Sun. Jul 21st, 2024

A Poem by Patrick Westfall –

  • Sitting in my study,
    drawing upon a pipe of clay,
    Simply sitting, smoking softly
    I endure the remaining day.
  • Harder still, fell the rain
    against the glassless pane.
    Louder still was heard the rapping,
    tapping of his cane.
  • As I rose to bid him in
    I reeled at the sight,
    he was already there, beside my chair
    and he brought with him the night.
  • “Sir,” said he respectfully,
    “if I may speak free,
    a scotch and smoke in trade for tale
    this night I’d share with thee.”
  • His manner calm as he sat
    upon the moistened floor,
    and as he lit his pipe,
    I gazed out upon the moor.
  • Not a word said he
    for at least an hour more,
    “Speak up my man, out with your tale,
    this I do implore!”
  • But when he spoke aloud
    and ceased his muted way,
    his tale chilled both my bone and blood
    and stole my breath away.
  • “Joseph Craig Dobler,
    employed me but a year,
    I took his life, and then his wife
    as my own to love so dear.
  • But alas! She knows the truth at last,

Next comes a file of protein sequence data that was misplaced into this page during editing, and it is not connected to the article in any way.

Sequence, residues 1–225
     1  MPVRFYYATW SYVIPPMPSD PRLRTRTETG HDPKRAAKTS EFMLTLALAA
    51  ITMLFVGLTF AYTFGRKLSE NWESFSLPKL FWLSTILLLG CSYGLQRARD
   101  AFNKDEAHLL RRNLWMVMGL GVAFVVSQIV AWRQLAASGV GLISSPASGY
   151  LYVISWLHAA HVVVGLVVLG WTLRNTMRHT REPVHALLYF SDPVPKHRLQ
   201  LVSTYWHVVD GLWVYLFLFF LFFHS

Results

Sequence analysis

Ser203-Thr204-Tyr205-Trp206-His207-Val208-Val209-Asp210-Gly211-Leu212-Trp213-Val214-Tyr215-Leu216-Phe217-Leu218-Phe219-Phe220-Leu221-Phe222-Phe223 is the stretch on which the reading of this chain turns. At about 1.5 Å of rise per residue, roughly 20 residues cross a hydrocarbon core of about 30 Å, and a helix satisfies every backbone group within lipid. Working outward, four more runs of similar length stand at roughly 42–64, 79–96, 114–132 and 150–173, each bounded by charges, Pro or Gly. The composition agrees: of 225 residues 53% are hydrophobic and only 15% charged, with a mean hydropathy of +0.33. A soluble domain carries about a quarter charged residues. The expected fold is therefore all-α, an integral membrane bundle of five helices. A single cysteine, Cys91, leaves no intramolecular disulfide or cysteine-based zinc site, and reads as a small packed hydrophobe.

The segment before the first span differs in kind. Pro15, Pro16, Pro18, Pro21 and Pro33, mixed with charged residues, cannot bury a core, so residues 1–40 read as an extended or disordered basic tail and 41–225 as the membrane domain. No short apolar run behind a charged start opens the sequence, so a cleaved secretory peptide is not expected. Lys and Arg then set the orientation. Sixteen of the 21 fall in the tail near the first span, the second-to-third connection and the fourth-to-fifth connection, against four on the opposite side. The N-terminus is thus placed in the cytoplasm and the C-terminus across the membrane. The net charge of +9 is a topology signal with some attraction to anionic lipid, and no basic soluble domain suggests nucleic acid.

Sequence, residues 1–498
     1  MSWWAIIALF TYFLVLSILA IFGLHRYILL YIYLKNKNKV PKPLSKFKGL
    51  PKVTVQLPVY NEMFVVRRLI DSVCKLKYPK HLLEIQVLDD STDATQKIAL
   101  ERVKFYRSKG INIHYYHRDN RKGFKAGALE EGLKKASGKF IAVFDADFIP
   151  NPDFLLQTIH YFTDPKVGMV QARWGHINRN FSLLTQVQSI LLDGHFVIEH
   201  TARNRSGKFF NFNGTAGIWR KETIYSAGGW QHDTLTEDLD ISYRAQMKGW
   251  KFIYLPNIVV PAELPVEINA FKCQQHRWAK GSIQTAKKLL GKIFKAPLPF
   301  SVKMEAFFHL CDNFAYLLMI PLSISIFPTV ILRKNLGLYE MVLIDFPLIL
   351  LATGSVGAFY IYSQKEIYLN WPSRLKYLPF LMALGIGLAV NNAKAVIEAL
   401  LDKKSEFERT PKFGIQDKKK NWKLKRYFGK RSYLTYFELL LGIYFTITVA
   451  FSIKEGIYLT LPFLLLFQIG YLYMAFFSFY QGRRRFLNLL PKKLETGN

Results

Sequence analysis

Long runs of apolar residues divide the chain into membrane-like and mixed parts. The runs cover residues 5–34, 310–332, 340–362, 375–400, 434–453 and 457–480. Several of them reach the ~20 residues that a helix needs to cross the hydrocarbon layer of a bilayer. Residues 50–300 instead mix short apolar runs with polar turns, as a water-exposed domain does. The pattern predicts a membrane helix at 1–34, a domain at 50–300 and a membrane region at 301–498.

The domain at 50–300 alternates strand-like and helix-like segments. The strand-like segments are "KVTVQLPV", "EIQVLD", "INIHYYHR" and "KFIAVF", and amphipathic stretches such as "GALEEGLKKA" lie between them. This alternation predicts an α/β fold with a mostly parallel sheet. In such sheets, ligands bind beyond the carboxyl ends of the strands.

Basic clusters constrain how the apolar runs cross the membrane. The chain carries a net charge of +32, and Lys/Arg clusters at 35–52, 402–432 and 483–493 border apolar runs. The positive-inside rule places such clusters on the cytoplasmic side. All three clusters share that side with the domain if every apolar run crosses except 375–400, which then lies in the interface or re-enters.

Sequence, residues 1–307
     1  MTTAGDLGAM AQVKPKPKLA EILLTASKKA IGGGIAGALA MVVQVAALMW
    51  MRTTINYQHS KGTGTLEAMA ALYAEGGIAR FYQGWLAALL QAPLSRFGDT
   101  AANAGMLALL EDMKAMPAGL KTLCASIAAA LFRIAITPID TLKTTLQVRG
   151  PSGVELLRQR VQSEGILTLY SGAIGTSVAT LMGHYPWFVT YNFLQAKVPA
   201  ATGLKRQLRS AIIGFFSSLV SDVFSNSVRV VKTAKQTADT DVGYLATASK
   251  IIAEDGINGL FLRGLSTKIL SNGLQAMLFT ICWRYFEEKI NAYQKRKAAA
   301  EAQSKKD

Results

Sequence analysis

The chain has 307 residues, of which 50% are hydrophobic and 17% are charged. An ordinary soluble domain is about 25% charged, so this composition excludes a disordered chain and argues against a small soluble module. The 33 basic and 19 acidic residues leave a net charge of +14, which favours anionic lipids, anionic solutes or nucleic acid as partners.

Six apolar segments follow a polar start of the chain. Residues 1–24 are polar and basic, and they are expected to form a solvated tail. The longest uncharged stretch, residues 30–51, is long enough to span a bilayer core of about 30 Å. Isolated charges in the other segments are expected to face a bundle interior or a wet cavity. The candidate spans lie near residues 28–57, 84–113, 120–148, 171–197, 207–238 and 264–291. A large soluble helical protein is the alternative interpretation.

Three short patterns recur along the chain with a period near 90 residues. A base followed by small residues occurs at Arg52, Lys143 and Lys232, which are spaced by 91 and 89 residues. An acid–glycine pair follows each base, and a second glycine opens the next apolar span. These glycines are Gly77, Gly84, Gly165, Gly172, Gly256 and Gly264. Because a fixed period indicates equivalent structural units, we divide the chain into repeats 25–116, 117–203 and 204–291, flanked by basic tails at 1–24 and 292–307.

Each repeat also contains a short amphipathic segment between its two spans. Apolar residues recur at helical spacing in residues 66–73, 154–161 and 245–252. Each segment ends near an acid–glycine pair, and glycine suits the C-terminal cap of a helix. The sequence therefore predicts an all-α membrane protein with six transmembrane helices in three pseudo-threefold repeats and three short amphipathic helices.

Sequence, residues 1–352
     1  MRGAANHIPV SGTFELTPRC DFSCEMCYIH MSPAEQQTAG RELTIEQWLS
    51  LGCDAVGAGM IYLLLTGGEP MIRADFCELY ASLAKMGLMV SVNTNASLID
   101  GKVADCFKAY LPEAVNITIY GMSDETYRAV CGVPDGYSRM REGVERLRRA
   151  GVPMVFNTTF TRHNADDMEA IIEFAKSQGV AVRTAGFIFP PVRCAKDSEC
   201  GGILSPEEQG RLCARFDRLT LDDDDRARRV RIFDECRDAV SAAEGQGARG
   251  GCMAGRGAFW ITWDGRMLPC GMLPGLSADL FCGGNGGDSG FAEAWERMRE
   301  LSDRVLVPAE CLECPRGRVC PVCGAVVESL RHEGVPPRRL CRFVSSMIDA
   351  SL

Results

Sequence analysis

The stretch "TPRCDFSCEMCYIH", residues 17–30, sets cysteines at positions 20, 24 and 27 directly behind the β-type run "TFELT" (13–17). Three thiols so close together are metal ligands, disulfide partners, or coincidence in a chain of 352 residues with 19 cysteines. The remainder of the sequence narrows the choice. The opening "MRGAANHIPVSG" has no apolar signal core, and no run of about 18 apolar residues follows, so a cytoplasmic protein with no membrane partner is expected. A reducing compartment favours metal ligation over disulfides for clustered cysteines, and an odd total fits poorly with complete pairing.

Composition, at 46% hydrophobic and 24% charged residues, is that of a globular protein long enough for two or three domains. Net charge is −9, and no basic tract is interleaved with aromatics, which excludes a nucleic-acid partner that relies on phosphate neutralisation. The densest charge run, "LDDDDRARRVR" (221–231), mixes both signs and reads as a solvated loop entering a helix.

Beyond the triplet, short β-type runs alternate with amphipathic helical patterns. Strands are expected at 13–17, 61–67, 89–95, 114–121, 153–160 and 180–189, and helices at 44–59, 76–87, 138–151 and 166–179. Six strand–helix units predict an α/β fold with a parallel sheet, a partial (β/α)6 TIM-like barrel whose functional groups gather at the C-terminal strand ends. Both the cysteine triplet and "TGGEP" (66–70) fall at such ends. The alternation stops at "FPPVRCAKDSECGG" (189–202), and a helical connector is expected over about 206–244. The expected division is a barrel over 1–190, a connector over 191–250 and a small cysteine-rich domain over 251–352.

it is so she screams,
    Dobler’s ghost has come to her,
    he speaks into her dreams.
  • His spirit shall haunt and spook,
    wherever I may be,
    already twice this night,
    upon the moor was he.
  • Such is how I came
    into your house so free,
    for when next he comes I’ll surely die
    but with sin confessed to thee.”
  • The wind did gust and blow
    through the glassless pane,
    and it seemed we both could hear
    the rapping, tapping of a cane.
  • The man stood up as if to leave
    but could not find the nerve,
    and as he looked into the night,
    I watched his body swerve.
  • Then we both grew chill as the knob
    into my dwelling turned,
    “What demon from Hell, had arisen,
    its body blackened, burned?”
  • But the knob it stopped and then was heard
    upon the door so plain,
    louder, louder came the rapping,
    tapping of his cane.
  • “No more! No more!”
    he cried with palms upturned.
    I could not bear to see its face
    and body blackened, burned!
  • The man turned in horror and fell out
    through the glassless pane,
    nevermore to suffer the terrible
    tapping of the cane.
  • Oh how I loathe, even now,
    the sound of rain upon the plain,
    for now I always seem to hear the rapping,
    tapping of a cane!

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